Mind, from the Indo European base men - to think - is what awareness does. Mind is a process of communications involving the non-linear flow of information created by awareness. Mind is perception, memory, and response. Although men is also the base of the word man - the one who thinks - mind is not limited to humans. All living beings demonstrate the ability to perceive, remember, and respond.
Perception from the Latin per = through and capere = to take, means to take through. A set of conditions is perceived when it is taken from the external environment and coded into the communications network that is the mind.
If a person is blind, they can not perceive color. If a person has no knowledge of a light switch they might see one but would have no ability to turn the lights on and off with it. Hence, they might discern its presence on a wall, but would not perceive its meaning until it was either demonstrated to them or told to them. What we perceive is limited to our sensory abilities and is directly influenced by patterns we already have in memory.
Memory is information already stored as models or templates in the system. It can be in many forms and in many locations within the communication network. The mental process tests incoming patterns of perceptions with pre-existing templates, sets up feed-back loops to retest some data, rejects other information, and shifts the information to higher levels of pattern analysis depending on the outcome of the tests.
Response is the action taken to adjust to the external changing conditions. The range of possible responses depends, of course, on the complexity of the mind and its associated physical abilities.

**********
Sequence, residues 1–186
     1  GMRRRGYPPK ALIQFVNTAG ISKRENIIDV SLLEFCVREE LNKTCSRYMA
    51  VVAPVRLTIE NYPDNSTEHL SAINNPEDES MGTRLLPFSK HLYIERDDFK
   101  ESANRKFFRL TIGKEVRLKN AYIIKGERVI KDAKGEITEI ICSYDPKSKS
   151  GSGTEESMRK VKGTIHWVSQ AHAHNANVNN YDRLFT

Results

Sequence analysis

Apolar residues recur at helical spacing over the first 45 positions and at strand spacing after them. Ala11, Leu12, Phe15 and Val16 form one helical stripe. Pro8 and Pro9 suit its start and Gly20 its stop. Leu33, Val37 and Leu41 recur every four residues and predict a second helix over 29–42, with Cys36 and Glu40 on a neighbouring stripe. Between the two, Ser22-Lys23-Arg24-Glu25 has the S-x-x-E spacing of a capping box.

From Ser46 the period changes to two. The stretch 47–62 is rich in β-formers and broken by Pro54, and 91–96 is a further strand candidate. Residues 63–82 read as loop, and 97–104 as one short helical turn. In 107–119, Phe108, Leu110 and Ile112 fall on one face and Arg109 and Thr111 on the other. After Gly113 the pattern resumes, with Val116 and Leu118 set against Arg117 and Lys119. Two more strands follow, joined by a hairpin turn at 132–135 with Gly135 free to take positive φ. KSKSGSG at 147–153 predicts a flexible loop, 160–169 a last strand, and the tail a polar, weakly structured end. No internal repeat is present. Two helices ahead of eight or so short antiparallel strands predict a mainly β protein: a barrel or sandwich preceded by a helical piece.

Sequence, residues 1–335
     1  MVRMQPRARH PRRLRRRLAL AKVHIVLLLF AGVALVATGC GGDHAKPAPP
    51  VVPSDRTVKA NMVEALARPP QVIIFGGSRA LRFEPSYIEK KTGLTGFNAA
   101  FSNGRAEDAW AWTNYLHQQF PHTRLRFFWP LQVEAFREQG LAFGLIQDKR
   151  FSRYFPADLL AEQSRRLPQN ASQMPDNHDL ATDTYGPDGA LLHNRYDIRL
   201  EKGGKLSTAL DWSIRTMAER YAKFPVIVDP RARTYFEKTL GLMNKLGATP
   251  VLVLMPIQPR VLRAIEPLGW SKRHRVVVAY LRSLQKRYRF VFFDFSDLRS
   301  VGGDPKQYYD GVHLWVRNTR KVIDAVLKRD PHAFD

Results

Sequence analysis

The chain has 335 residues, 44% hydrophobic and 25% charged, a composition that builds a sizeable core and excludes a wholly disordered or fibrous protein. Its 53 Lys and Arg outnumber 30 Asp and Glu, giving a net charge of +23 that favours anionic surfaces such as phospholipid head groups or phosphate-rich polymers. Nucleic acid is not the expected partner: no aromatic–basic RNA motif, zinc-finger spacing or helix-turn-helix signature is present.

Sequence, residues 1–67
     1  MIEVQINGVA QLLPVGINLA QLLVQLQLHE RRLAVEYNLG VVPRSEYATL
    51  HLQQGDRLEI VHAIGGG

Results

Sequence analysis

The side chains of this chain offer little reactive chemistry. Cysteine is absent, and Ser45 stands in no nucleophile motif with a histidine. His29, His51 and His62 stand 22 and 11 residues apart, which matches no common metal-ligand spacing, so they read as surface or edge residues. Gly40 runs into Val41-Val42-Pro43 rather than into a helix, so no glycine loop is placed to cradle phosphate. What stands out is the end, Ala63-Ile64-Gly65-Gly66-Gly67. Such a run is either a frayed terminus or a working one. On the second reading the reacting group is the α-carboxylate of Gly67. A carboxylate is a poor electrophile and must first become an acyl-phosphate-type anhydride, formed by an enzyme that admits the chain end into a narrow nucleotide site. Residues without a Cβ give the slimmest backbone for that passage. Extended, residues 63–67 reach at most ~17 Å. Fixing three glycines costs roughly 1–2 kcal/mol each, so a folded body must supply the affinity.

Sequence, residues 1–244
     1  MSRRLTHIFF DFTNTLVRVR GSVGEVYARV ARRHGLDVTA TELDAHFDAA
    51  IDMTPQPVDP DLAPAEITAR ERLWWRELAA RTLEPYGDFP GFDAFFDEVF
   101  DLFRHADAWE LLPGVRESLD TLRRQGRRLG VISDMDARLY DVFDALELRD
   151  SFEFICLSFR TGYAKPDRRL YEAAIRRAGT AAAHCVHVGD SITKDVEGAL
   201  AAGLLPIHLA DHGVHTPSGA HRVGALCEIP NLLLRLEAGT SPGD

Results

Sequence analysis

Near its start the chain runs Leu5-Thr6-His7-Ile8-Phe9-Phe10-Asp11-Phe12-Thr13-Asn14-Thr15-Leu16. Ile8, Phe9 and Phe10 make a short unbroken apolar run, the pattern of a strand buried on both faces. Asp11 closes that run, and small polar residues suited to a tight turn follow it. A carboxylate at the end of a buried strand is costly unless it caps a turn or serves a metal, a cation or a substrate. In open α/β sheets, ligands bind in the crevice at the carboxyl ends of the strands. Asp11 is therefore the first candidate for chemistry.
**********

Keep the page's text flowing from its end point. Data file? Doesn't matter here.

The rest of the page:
Human consciousness is the metrical process we use to build models (paradigms) of our perceptions. Words are a good example of the conscious process. We share definitions of words, words are models. We use them to communicate our perceptions to one another. These models are real; just as a ship's model, or a map, is real. The model - be it a simple word, a mathematical theory, a philosophical understanding, or a scientific concept - alters reality by making possible the common use of new patterns and relationships.
Once perceived and modeled (mapped, transformed into communications), the model can be manipulated by the action of those who share the understanding of the model. They can build on the relationship or destroy it as their actions reinforce or detract from the shared experience. Consciousness is like an enzyme, a catalyst, it tags existing natural behavioral relationships and makes them visible, understandable, and thus removes them from the realm of mystery or magic.
Penrose believes the Mandelbrot set, revealed as an endlessly detailed pattern from what was once thought a chaotic relationship, "The Mendelbrot set is not an invention of the human mind: it was a discovery. Like Mount Everest, the Mandelbrot set is just there!"
Rene Descartes, in the seventeenth century and Carl Pepper, John Eckles and Roger Penrose propose another world, a Platonic world of ideals, where relationships lie waiting for properly attuned and prepared minds.